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Maldives

Maldives Economy Stats

Overview:

Maldives' largest economic activity, accounts for 28% of GDP and more than 60% of foreign exchange receipts. Over 90% of government tax revenue comes from import duties and tourism-related taxes. Fishing is the second leading sector, but the fish catch has dropped sharply in recent years. Agriculture and manufacturing continue to play a lesser role in the economy, constrained by the limited availability of cultivable land and the shortage of domestic labor. Most staple foods must be imported. In the last decade, real GDP growth averaged around 6% per year except for 2005, when GDP declined following the Indian Ocean tsunami, and in 2009, when GDP shrank by 3% as tourist arrivals declined and capital flows plunged in the wake of the global financial crisis. Falling tourist arrivals and fish exports, combined with high government spending on social needs, subsidies, and civil servant salaries contributed to a balance of payments crisis, which was eased with a December 2009, $79.3 million dollar IMF standby agreement. However, after the first two disbursements, the IMF withheld subsequent disbursements due to concerns over Maldive's growing budget deficit. Maldives has had chronic budget deficits in recent years and the government's plans to cut expenditures have not progressed well. A new Goods and Services Tax on Tourism (GST) was introduced in January 2011 and a new Business Profit Tax is to be introduced during the year. These taxes are expected to increase government revenue by about 25%. The government has privatized the main airport and is partially privatizing the energy sector. Tourism will remain the engine of the economy. The Government of the Maldives has aggressively promoted building new island resorts. Due to increasing tourist arrivals, the government expects GDP growth around 4.0% in 2011. Diversifying the economy beyond tourism and fishing, reforming public finance, and increasing employment opportunities are major challenges facing the government. Over the longer term Maldivian authorities worry about the impact of erosion and possible global warming on their low-lying country; 80% of the area is 1 meter or less above sea level.

Definitions

  • Budget > Revenues: Revenues calculated on an exchange rate basis, i.e., not in purchasing power parity (PPP) terms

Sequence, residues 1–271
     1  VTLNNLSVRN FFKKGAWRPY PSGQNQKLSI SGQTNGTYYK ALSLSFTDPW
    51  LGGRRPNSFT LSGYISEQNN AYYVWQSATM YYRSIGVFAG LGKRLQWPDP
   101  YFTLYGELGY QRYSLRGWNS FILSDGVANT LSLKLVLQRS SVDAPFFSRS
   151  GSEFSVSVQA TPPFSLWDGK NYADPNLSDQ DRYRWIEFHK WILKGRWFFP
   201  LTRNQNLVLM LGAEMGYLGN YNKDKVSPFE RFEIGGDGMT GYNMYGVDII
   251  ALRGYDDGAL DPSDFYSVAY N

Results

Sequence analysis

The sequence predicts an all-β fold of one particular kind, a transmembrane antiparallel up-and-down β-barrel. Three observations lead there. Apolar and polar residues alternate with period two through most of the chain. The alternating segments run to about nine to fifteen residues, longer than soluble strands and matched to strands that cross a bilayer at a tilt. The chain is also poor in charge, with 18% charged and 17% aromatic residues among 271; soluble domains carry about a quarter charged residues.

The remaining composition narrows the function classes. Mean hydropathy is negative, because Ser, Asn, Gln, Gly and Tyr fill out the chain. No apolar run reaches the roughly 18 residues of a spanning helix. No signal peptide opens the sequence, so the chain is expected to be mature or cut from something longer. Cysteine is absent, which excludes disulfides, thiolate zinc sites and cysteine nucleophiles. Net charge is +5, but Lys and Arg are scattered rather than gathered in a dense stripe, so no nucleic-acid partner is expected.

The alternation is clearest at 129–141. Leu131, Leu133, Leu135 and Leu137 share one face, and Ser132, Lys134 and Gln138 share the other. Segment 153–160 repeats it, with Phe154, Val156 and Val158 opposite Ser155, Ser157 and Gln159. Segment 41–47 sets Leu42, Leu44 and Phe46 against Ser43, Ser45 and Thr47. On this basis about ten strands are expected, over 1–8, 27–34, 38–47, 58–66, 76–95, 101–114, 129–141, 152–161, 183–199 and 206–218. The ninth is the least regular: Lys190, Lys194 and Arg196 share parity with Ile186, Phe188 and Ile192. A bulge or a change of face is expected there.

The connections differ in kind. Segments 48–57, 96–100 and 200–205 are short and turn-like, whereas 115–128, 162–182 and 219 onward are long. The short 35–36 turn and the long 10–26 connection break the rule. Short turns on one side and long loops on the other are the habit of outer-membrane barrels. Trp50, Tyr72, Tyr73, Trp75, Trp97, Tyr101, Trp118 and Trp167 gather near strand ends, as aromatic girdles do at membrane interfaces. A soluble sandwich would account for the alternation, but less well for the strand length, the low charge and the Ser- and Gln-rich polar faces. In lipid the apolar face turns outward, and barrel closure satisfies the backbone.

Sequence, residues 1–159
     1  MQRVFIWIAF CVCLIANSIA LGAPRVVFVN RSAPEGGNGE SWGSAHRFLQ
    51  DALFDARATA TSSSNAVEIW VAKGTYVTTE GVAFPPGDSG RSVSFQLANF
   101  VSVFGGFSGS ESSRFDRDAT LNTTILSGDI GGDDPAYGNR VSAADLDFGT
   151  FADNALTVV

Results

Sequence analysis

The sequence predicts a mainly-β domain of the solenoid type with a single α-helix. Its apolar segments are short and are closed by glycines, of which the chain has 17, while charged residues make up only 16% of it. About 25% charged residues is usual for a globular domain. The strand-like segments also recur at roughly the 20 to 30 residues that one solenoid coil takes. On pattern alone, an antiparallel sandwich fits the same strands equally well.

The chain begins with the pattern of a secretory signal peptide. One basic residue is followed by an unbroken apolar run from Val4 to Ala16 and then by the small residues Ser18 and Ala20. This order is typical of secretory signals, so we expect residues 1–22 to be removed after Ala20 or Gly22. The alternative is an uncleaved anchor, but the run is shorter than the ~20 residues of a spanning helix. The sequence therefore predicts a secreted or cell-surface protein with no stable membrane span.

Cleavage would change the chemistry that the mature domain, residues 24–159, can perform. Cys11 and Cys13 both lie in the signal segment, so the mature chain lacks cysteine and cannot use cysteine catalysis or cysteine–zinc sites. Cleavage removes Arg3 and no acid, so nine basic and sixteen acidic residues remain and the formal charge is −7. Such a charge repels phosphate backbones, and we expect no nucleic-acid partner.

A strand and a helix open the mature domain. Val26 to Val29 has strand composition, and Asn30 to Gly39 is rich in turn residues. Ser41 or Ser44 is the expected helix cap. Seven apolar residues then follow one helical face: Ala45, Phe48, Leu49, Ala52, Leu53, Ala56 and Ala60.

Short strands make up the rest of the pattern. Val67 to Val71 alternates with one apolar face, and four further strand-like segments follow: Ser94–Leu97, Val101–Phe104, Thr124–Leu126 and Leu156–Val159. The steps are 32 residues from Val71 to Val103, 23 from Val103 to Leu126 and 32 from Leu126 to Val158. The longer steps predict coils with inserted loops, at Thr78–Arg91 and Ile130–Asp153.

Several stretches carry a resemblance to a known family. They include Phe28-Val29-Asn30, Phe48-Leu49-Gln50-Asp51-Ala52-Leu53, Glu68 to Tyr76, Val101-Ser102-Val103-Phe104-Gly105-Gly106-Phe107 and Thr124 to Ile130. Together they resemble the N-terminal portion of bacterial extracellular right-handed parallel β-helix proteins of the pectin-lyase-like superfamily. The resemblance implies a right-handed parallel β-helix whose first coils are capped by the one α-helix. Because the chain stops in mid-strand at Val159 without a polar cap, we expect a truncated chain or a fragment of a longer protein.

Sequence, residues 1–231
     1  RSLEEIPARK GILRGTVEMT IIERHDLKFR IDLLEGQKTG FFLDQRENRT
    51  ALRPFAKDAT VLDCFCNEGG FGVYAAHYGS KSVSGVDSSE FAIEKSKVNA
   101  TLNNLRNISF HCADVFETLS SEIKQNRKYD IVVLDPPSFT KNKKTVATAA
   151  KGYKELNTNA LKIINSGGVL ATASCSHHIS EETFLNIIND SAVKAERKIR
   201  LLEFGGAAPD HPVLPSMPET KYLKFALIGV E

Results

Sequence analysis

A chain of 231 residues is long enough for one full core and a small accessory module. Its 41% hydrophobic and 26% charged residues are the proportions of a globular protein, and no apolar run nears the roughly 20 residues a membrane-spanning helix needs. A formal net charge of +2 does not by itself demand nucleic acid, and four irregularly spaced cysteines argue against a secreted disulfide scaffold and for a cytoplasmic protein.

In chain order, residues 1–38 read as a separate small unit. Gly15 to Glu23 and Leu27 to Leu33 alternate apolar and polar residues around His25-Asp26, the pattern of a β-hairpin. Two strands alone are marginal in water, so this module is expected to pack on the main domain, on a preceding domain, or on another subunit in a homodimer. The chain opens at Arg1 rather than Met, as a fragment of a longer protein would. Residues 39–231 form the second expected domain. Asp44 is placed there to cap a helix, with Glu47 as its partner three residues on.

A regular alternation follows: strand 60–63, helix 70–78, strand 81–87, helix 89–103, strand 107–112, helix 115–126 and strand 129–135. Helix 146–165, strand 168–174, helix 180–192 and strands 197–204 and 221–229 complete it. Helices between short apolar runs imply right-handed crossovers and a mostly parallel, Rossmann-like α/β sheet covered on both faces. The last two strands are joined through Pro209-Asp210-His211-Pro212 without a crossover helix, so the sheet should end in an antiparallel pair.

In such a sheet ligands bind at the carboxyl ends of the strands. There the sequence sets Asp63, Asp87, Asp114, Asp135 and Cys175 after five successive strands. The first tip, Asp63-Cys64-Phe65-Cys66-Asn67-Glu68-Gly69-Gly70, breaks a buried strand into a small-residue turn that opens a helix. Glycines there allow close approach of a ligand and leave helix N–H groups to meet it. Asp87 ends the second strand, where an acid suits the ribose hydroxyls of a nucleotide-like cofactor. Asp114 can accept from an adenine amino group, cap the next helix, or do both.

• Budget surplus > + or deficit > -: This entry records the difference between national government revenues and expenditures, expressed as a percent of GDP. A positive (+) number indicates that revenues exceeded expenditures (a budget surplus), while a negative (-) number indicates the reverse (a budget deficit). Normalizing the data, by dividing the budget balance by GDP, enables easy comparisons across countries and indicates whether a national government saves or borrows money. Countries with high budget deficits (relative to their GDPs) generally have more difficulty raising funds to finance expenditures, than those with lower deficits.
  • Exports: This entry provides the total US dollar amount of merchandise exports on an f.o.b. (free on board) basis. These figures are calculated on an exchange rate basis, i.e., not in purchasing power parity (PPP) terms.
  • Exports per capita: This entry provides the total US dollar amount of merchandise exports on an f.o.b. (free on board) basis. These figures are calculated on an exchange rate basis, i.e., not in purchasing power parity (PPP) terms. Figures expressed per capita for the same year.
  • GDP: GDP at purchaser's prices is the sum of gross value added by all resident producers in the economy plus any product taxes and minus any subsidies not included in the value of the products. It is calculated without making deductions for depreciation of fabricated assets or for depletion and degradation of natural resources. Data are in current U.S. dollars. Dollar figures for GDP are converted from domestic currencies using single year official exchange rates. For a few countries where the official exchange rate does not reflect the rate effectively applied to actual foreign exchange transactions, an alternative conversion factor is used.
  • GDP > Composition by sector > Industry: The gross domestic product (GDP) or value of all final goods produced by the industrial sector within a nation in a given year. GDP dollar estimates in the Factbook are derived from purchasing power parity (PPP) calculations. See the CIA World Factbook for more information.